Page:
Get Wild: Rain rain, don’t go away! |

Get Wild: Rain rain, don’t go away!

Karn Stiegelmeier
Get Wild
Lichen are photographed in August 2022 along the Meadow Creek Trail near Frisco. Lichens exist because of a symbiotic combination of two organisms. They are also important food sources for many local animals.
Karn Stiegelmeier/Get Wild

This summer of monsoonal multitudes has given us many superlatives — wildflowers and grasses bigger and taller than previous memories, and beautiful green on the mountainsides into late August. Perhaps the greatest benefit is the lack of wildfire activity! Thank you rain! With peak wildflower season ending in late August, I’m still struck by the bright green of the mosses happily growing on the forest floor, and mixed in with the mosses are many lichens, which not as bright a green, but in great abundance amongst the fruiting mycelium (mushrooms). We commonly walk by without noticing these fascinating forest floor organisms. 

Moss or lichen — what’s the difference? Moss is a simple flowerless green plant and a lichen is a fungi-algae sandwich. Moss and lichen mix and mingle. Mosses have leaflets made of photosynthetic cells just like the leaves of trees and wildflowers. However, mosses don’t have those specialized tissues that transport water and nutrients such as sap from the ground to the leaf and back to the roots. They have a leafy green sponge that absorbs water and nutrients, so they can’t grow very tall or they would dry out at the top. Like lichens, mosses are found throughout the world, especially in forested areas growing in association with lichens. 

Lichens are hardy organisms living in some of the harshest conditions  on Earth. They are not one plant, but a partnership, a symbiotic combination of two organisms — an algae and a fungus. Young students are taught this mnemonic explaining this amazing symbiosis: Freddy Fungus and Alice Algae took a lichen to each other, and they have been living together ever since. The algae in the lichen provides food for the organism through photosynthesis, allowing for the lichen to capture energy from sunlight and convert it to energy for the lichen. The fungus provides the organism with water by retaining the small amounts of moisture like a sponge. In dry times, the lichen can draw on the moisture it retains in its fungus component.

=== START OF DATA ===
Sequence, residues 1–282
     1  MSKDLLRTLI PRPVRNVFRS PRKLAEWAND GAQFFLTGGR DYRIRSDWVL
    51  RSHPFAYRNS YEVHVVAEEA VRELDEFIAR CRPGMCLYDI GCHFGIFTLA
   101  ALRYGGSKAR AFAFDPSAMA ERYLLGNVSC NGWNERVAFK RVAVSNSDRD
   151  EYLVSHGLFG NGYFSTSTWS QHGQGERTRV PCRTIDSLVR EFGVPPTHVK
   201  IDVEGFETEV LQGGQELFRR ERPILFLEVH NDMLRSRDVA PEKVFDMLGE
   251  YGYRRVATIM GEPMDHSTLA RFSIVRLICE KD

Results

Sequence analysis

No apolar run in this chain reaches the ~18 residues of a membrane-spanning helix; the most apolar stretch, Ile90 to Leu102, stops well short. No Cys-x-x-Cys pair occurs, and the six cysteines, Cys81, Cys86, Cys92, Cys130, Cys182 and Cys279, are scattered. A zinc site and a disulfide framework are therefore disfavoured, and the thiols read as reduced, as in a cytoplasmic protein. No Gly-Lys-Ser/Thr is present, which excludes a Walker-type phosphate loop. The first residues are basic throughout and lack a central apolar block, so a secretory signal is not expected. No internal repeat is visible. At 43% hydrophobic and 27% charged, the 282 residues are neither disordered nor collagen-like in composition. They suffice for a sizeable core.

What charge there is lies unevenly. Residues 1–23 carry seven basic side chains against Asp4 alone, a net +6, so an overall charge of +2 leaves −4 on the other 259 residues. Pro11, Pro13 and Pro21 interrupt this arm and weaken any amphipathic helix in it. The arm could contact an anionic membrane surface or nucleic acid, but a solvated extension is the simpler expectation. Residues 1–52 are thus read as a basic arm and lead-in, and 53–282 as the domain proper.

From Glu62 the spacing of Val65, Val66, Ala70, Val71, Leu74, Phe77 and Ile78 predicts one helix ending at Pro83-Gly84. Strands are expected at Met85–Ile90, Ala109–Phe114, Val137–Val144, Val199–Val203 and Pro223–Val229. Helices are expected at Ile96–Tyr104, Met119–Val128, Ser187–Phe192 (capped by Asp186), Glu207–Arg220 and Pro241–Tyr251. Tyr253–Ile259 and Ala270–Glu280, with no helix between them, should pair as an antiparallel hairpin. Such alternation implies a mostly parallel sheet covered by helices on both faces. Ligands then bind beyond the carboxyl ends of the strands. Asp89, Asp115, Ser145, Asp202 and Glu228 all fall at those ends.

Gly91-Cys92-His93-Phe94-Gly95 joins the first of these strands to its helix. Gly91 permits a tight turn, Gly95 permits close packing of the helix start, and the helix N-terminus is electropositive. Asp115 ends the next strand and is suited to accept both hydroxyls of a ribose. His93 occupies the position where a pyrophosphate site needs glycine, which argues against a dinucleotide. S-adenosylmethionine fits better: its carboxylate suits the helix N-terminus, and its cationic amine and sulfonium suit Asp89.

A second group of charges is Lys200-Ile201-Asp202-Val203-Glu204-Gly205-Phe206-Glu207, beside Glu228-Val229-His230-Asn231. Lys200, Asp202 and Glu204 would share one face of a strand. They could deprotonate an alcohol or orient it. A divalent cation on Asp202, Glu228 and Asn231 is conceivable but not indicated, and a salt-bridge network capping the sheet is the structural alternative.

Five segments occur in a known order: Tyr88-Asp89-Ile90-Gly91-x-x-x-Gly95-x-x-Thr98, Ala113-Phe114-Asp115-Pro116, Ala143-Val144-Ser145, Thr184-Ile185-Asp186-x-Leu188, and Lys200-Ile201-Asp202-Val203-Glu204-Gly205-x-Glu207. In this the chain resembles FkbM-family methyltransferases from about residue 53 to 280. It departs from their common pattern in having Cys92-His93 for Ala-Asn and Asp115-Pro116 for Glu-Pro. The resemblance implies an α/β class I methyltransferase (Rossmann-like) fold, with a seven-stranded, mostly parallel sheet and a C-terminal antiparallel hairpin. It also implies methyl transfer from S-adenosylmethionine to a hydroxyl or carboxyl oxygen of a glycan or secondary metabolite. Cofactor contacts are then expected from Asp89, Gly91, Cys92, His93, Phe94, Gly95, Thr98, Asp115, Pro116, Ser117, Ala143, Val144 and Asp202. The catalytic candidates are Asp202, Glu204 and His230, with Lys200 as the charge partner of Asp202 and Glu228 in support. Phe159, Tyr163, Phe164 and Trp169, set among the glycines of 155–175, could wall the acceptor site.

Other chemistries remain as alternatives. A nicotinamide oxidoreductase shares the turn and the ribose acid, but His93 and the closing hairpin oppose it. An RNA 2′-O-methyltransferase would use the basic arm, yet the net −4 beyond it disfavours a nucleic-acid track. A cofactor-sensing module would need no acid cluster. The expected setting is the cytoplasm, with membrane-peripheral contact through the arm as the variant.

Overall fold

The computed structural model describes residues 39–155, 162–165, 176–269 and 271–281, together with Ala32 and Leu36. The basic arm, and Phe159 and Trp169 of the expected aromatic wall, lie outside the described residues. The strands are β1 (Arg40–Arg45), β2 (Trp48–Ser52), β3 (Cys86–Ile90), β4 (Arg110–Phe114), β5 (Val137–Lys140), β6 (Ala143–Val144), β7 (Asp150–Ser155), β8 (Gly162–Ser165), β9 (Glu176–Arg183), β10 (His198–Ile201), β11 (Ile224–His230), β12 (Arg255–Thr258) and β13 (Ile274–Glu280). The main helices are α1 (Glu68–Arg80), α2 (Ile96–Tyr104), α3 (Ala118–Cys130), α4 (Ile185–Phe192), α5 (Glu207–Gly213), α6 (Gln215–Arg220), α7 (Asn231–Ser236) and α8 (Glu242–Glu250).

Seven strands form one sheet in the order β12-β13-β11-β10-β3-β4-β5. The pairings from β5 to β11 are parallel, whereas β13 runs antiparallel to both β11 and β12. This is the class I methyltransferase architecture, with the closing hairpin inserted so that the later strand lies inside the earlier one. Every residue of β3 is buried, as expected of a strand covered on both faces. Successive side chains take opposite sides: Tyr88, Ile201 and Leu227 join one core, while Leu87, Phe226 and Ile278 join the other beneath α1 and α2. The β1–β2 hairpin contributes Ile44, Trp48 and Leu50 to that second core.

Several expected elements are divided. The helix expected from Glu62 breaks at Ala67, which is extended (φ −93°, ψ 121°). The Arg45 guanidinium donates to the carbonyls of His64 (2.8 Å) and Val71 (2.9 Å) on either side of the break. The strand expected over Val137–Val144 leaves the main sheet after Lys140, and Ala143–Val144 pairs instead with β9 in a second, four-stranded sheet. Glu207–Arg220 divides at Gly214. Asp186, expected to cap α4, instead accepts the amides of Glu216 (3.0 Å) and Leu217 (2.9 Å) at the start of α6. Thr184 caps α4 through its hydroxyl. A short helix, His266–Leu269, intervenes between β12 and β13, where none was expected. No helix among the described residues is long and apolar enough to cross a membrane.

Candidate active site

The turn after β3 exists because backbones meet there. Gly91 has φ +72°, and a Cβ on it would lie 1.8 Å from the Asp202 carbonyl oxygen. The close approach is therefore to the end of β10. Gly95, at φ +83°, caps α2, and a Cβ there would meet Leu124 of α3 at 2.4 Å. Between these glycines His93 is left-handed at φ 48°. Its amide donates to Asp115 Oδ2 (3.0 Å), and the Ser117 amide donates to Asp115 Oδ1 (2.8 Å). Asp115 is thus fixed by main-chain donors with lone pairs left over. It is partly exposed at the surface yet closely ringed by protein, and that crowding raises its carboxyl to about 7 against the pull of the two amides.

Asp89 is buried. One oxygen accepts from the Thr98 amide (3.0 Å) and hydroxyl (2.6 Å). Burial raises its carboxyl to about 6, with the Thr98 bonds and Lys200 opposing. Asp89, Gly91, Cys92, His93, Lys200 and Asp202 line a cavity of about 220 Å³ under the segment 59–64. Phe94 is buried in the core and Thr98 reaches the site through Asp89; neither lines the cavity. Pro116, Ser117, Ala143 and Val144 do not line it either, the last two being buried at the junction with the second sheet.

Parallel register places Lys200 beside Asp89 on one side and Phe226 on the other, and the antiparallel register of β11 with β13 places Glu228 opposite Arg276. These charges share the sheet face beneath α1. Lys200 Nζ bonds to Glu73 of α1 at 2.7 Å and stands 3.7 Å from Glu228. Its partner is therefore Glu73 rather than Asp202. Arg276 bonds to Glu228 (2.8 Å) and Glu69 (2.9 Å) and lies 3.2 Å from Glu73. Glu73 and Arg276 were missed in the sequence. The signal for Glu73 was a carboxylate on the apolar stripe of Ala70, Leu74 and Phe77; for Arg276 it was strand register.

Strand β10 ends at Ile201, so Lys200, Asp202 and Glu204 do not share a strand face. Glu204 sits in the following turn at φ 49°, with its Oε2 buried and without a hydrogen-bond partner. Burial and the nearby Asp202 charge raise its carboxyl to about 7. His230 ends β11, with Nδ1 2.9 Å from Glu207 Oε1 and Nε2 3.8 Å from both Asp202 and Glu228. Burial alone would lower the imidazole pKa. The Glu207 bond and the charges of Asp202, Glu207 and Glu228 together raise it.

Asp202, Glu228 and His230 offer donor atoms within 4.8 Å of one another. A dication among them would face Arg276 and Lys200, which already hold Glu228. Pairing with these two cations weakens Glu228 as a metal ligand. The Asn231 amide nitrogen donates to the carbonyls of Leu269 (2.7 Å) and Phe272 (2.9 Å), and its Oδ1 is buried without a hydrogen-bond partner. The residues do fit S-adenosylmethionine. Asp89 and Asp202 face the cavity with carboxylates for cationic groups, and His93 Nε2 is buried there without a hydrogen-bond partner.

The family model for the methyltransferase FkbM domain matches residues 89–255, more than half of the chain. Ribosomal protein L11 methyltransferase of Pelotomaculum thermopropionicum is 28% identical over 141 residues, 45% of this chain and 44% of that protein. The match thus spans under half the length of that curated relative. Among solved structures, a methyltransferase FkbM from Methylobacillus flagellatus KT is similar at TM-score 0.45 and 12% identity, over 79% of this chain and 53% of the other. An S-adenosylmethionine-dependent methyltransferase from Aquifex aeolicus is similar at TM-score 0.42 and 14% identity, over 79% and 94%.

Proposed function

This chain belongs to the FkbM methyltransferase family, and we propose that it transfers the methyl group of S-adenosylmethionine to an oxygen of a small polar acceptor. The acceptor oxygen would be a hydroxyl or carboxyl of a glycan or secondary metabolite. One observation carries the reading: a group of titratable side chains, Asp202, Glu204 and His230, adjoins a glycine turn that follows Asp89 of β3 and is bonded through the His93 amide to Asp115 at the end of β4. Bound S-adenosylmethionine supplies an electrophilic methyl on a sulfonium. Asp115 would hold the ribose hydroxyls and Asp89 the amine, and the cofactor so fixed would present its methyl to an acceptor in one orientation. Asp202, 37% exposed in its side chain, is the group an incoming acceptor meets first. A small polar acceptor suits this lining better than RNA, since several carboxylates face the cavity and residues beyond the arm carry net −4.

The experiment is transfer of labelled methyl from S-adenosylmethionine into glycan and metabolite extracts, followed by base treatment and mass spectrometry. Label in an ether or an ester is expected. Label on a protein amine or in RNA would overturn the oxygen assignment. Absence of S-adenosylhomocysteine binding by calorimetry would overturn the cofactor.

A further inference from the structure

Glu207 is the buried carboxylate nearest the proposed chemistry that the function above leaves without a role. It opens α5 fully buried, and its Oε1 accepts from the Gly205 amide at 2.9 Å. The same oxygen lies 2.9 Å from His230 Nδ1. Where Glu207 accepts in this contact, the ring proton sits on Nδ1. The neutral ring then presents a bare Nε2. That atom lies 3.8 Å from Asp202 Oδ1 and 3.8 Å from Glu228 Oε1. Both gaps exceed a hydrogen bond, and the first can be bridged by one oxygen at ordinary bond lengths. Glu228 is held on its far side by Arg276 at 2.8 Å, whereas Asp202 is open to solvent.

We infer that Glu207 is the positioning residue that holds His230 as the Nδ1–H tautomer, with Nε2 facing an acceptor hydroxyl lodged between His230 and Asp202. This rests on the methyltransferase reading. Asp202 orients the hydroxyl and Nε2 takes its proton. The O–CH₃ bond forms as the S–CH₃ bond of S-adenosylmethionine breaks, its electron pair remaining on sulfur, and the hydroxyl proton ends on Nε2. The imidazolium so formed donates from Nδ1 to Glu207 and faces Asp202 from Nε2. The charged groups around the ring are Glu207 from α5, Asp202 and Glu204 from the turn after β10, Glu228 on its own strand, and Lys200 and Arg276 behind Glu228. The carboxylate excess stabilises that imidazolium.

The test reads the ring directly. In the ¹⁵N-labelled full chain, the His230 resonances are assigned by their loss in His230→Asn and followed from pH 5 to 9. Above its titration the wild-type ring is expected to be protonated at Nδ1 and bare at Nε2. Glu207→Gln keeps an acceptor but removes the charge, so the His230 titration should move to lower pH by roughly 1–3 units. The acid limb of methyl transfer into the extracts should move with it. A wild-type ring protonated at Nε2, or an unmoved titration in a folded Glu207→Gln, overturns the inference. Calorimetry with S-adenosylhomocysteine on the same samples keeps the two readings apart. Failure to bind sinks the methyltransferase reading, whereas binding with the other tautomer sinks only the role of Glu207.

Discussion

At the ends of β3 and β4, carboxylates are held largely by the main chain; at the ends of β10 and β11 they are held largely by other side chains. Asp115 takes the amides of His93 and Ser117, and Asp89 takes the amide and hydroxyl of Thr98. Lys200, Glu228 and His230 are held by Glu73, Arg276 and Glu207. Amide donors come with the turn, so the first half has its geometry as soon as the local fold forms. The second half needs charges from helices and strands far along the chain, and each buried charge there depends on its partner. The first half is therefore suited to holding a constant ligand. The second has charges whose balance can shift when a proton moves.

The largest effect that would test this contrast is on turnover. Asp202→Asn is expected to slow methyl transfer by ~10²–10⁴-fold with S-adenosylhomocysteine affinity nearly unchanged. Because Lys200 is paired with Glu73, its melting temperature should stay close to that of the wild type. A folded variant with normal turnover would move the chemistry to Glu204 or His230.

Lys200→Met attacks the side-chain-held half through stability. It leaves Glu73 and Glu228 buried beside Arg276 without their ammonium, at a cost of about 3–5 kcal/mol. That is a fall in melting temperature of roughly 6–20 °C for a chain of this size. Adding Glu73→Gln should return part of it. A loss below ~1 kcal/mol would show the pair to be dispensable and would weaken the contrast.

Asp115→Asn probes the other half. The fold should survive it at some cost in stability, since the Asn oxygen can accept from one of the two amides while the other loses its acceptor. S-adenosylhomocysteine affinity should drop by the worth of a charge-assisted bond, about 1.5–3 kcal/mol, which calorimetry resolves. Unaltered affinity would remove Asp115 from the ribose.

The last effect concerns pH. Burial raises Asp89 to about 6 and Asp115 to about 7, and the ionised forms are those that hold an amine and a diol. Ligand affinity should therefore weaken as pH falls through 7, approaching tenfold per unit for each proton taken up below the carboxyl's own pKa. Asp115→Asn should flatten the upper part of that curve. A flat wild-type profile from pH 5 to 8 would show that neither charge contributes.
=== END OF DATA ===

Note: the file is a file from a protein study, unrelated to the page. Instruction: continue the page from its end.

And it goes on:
There are about 3,600 species of lichens in North America and those are just the ones we know about! New discoveries are being made every year. Lichens are found all over the world in a vast diversity of habitats and climates, from deserts to tropical rainforests and Alpine tundra. By most biological categorizations, lichens are bizarre organisms and no two are alike. While many lichens have green plant algae partners, others have photosynthetic cyanobacteria which are blue-green. Yet, lichens are given a genus and species name, just like our aspen is a Populus tremuloides. 

There are three types of lichen — foliose, fruticose and crustose lichens. We are familiar with the crustose lichens growing on rocks in Summit County. They form a crust over a surface, like any rock, and can be bright colors like red, orange, yellow or gray and green. They are pressed closely against the substrate, commonly rocks.  Foliose lichens have very flat leafy like sides like a lettuce commonly full of ridges and bumps. Fruticose Lichens are shrub-like. They can tangle up with each other, and commonly hang from a tree.

Lichens are interesting, but so what? They are actually very important food sources for many animals. The reindeer lichen gets its name from the reindeer that rely on it as their primary food source during the winter months. Local creatures that feed on lichens include pronghorn, deer, bighorn sheep, elk, moose, mountain goats, rodents and insects.

The natural world is mind bogglingly complicated and amazing. It is fun to look closely, ponder, and enjoy!

Karn Stiegelmeier

“Get Wild” publishes on Fridays in the Summit Daily News. Karn Stiegelmeier is the chair-elect of Eagle Summit Wilderness Alliance, an all-volunteer nonprofit that helps the U.S. Forest Service protect and preserve the wilderness areas in Eagle and Summit counties. For more information, visit

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